So let me see if I understand this correctly… Modern Christianity believes that a particular group of bronze-age sheep herders were right about the biggest, most complex, and most important questions that humanity has ever asked. They were right about life, the universe, and everything, right? So why is it that these same people think that that same exact group of bronze-age sheep herders were wrong about pretty much everything else? Why do they trust them implicitly for the big important questions, but not the smaller, day-to-day life questions with real-world consequences? Let’s take a look at just a handful of some of the things that the authors of the Bible believed: They believed that slavery was acceptable and practiced it regularly, including being able to sell your own children (Leviticus 25:44-46, Exodus 21:2-6, Exodus 21:7-11, etcetera and ad nauseum). They believed that women should have to marry their rapist (Deuteronomy 22:28-29). They believed that a woman should be comple…
When many Christians, particularly Catholics, talk about the 'Biblical Prohibitions' against masturbation and birth control, they all seem to refer to a single story in the Old Testament. Interestingly, none of these people seem to know what the verses are referring to.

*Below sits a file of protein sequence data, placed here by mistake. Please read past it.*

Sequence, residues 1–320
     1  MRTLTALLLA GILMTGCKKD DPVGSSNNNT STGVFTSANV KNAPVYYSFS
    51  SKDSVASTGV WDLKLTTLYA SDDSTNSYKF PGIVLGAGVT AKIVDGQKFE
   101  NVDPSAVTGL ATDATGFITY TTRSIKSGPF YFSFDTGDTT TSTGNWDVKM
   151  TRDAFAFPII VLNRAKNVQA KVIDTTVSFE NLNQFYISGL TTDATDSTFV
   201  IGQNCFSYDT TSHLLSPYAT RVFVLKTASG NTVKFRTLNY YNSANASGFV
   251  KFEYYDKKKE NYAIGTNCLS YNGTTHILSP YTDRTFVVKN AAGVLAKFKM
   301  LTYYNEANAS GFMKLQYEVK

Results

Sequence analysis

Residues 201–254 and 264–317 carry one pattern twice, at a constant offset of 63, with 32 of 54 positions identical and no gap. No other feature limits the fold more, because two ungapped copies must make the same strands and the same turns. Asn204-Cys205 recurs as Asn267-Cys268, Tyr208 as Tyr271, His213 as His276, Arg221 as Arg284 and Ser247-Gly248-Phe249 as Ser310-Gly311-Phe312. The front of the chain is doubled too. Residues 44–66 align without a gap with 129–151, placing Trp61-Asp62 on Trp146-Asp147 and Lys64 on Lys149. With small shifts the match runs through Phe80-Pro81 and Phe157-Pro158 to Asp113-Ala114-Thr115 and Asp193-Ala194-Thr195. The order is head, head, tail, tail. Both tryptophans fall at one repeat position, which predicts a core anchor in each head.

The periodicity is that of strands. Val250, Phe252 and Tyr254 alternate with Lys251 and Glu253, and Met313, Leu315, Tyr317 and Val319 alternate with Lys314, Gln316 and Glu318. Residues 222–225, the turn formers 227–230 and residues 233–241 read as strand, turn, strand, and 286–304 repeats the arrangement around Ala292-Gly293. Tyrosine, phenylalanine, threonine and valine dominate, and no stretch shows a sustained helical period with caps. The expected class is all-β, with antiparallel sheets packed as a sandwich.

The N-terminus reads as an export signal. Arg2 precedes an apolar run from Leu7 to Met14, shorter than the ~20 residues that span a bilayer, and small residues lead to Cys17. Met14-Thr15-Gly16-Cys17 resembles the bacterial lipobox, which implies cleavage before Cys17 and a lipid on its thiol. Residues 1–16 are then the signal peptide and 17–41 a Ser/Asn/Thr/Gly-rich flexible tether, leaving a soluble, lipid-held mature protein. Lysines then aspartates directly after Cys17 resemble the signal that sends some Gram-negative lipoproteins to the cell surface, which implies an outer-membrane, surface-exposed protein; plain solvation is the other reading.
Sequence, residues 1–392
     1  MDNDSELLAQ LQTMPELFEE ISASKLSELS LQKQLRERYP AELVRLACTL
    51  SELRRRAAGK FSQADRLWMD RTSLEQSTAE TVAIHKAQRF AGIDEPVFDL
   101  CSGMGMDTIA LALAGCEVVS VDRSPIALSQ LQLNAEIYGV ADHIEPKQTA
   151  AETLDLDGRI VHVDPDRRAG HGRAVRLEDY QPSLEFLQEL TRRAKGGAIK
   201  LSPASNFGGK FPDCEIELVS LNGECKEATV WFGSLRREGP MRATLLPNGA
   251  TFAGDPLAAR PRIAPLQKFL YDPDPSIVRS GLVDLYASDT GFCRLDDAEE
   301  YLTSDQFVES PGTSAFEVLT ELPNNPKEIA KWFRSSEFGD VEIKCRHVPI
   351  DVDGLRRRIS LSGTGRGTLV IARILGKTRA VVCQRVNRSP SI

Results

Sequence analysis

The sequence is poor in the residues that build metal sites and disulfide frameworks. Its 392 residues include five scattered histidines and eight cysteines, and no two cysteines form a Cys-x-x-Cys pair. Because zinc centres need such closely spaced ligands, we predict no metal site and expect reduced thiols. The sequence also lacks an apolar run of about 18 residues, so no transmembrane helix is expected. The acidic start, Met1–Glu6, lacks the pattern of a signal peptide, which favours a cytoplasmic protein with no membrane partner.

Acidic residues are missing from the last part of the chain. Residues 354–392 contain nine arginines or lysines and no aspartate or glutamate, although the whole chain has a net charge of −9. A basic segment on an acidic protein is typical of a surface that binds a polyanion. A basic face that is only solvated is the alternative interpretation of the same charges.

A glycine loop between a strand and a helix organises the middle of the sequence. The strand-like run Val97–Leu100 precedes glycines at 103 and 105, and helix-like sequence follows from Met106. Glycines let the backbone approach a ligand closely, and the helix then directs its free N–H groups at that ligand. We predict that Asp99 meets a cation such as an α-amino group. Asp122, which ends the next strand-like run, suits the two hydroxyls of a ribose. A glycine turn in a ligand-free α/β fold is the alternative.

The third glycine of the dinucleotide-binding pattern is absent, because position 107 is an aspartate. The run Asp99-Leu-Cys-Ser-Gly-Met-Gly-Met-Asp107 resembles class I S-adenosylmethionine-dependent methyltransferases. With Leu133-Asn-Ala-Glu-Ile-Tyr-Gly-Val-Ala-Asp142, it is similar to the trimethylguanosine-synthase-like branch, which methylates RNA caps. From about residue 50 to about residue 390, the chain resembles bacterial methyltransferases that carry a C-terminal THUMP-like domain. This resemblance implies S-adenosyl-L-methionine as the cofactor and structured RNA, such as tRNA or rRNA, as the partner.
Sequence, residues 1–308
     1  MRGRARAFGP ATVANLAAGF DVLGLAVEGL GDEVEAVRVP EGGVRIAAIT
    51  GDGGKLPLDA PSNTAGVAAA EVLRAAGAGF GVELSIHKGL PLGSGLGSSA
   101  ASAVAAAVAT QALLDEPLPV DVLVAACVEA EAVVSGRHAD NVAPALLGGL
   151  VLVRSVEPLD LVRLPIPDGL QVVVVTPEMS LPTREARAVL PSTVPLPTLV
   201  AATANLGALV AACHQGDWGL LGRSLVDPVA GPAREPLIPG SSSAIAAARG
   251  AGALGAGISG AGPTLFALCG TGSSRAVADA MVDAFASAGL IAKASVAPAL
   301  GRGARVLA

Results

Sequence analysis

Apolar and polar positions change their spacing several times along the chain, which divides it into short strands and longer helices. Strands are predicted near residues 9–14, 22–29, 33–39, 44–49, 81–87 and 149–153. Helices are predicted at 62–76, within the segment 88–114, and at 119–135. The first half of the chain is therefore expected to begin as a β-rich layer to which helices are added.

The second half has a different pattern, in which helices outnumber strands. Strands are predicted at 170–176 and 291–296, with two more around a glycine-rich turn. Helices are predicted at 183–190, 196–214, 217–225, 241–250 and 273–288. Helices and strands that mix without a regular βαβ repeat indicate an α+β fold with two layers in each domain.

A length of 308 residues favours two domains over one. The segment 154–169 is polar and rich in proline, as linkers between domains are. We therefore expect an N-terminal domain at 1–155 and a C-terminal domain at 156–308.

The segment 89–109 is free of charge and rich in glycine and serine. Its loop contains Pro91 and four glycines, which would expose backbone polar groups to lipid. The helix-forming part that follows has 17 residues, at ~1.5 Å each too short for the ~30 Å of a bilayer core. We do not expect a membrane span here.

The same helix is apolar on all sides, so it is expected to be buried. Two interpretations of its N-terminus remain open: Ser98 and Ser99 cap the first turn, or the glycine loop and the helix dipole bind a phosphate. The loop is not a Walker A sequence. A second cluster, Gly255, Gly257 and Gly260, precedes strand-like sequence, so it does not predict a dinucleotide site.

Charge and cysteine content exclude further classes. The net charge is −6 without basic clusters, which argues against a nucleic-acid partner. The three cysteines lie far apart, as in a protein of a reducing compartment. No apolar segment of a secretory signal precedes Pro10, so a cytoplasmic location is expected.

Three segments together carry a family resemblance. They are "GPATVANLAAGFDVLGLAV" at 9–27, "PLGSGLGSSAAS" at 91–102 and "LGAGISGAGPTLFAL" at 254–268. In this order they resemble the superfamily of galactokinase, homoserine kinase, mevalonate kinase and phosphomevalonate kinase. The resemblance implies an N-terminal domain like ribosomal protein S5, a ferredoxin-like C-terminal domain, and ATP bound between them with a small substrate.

Genesis 38:7-10 New International Version (NIV)
7 But Er, Judah’s firstborn, was wicked in the Lord’s sight; so the Lord put him to death. 8 Then Judah said to Onan, “Sleep with your brother’s wife and fulfill your duty to her as a brother-in-law to raise up offspring for your brother.” 9 But Onan knew that the child would not be his; so whenever he slept with his brother’s wife, he spilled his semen on the ground to keep from providing offspring for his brother. 10 What he did was wicked in the Lord’s sight; so the Lord put him to death also.
Catholic.com Entry: (Source: http://www.catholic.com/tracts/birth-control)
"The Bible mentions at least one form of contraception specifically and condemns it. C…
I wrote this some time ago and never published it. It's pretty simple but I hope that it helps to get the point across.
How We Evaluate Claims
When we are presented with a particular claim, regardless of the content, we go through a process to determine whether or not the claim is true.
If we can find nothing with which to justify the claim, we can simply stop there. There is no need to accept a claim which has not been positively justified.
We certainly can go on to search for disconfirming evidence, something which would show that the claim is not true; however by this point it isn’t necessary to do so in order to reject the claim’s truthfulness.
However, time and time again, we see and hear people making the argument that ‘you can’t prove that it’s NOT true’. We don’t have to. It is never reasonable to accept a claim based on the non-existence of disconfirming evidence alone. Bertrand Russell demonstrates why this is so with his teapot analogy.